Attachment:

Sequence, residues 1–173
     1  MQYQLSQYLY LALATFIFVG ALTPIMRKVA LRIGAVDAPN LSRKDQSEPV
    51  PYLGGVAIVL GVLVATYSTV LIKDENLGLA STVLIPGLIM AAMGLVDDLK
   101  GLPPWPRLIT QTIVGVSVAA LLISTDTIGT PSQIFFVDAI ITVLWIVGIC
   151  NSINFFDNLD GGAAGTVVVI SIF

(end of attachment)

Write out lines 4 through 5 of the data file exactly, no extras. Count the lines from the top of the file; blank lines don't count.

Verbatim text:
   101  GLPPWPRLIT QTIVGVSVAA LLISTDTIGT PSQIFFVDAI ITVLWIVGIC
   151  NSINFFDNLD GGAAGTVVVI SIF